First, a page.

May 2011, Vol. 238 No. 5

Editor's Notebook

Editor's Notebook: A Call For Leadership

April was a great month for the oil and gas pipeline industry and I’m going to tell you why.

Infrastructure integrity/pipeline safety is the biggest issue to affect our industry in years. Recent highly publicized incidents have led many on the outside to question how safe our industry really is.

I attended important pipeline conferences held by the INGAA Foundation in Dallas and the American Petroleum Institute in San Antonio as well as our own Pipeline Opportunities Conference in Houston. All of these conferences were extremely well-attended because everyone from the executive level on down is deeply concerned about this industry.

It’s one thing to draw a paycheck for doing your job, but I’ve always felt that the most important trait of a pipeliner is the pride a worker takes in knowing that he or she is doing their part to provide a life-sustaining fuel as safely and reliably as possible.

Leading experts representing the American Gas Association, API, INGAA, NACE, Pipeline Research Council International, PHMSA as well as the Pipeline Safety Trust were eager to explain what they and their members who comprise the vast majority of pipeline operators in the U.S., are doing to make their systems even safer. They mean to build upon an already enviable safety record when one considers the enormity of the oil and gas pipeline systems and the volumes of hazardous fuels they transport.

Anyone willing to take the time to listen to them had to have been impressed that they were listening to people who are willing to do whatever it takes – regardless of cost – to ensure the safety of their pipelines. They are in pro-active mode, not reactive.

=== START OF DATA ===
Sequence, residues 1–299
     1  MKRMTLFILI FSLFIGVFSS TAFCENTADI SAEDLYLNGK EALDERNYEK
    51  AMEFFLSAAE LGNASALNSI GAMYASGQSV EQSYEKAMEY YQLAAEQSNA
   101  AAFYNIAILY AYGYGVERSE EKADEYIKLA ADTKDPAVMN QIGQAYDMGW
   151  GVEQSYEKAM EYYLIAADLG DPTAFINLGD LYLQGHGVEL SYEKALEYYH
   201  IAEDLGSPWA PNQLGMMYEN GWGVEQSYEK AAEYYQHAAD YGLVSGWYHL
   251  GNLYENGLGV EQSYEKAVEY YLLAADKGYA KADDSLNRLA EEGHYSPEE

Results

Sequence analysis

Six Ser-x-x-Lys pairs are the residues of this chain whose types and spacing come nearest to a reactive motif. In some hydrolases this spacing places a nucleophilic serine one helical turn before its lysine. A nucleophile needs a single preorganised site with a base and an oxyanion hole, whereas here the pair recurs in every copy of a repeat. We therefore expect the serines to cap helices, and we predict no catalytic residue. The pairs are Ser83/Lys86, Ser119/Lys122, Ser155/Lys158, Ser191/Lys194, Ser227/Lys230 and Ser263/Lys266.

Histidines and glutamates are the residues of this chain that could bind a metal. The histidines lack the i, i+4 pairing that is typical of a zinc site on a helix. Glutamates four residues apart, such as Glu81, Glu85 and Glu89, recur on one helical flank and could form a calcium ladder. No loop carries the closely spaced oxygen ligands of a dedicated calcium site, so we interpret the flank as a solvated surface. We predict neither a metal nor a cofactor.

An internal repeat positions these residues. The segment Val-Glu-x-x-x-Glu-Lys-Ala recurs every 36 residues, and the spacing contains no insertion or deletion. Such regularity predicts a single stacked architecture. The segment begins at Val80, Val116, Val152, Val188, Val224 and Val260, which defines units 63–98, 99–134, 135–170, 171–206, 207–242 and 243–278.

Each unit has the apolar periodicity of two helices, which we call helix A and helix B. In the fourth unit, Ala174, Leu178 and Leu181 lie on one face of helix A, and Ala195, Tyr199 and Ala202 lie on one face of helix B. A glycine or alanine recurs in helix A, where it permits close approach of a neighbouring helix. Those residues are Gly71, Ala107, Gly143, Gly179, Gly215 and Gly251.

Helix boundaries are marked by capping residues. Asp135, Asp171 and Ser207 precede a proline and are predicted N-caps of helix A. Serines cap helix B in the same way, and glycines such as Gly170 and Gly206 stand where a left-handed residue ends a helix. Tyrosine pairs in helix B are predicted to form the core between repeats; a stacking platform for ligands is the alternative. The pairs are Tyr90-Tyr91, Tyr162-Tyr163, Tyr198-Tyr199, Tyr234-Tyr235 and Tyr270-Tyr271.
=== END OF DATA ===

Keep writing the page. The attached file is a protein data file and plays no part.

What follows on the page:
INGAA has prepared an excellent 16-page brochure entitled Safety—Every Step of the Way – that should be read by everyone as it not only details the importance of the natural gas pipeline network, but discusses newly strengthened safety initiatives and what the public can do to ensure the system works safely and reliably. (For info visit

The brochure also details the five guiding principles INGAA has adopted in enforcing safety as its core value.

1. A goal of zero incidents – a perfect record of safety and reliability for the national pipeline system. We will work every day toward this goal.
2. We are committed to safety culture as a critical dimension to continuously improve our industry’s performance.
3. We will be relentless in our pursuit of improving by learning from the past and anticipating the future.
4. We are committed to applying integrity management principles on a system-wide basis.
5. We will engage our stakeholders – from the local community to the national level – so they can understand and can participate in reducing risk.

These are not merely words on a piece of paper. They are well-thought-out guidelines that not only operators but service providers and vendors need to follow because they are an integral part of the solution too. As I write this, at least two major transmission companies, El Paso and Williams, have designated high-level officials to lead their comprehensive safety programs. Core means non-negotiable.

I remember how the liquids pipeline sector reacted after the Bellingham tragedy in 1999 culminated its own series of mishaps. The word went out from the top on down that incidents that could and should have been prevented are not acceptable, period.

The liquids pipelines quickly adopted pipeline integrity programs and the results show continued improvement. The natural gas industry has been moving in that direction for several years as anyone who has followed integrity management discussions with the federal government can attest.

Reminds me of the interview I had years back with Dave Lemmon, then the new CEO of Colonial Pipeline which had its share of problems in the 1990s. I would have hated to be the person trying to explain why an incident could not have been prevented.

Get the leadership directly involved and watch what results you get. That’s where we are today.


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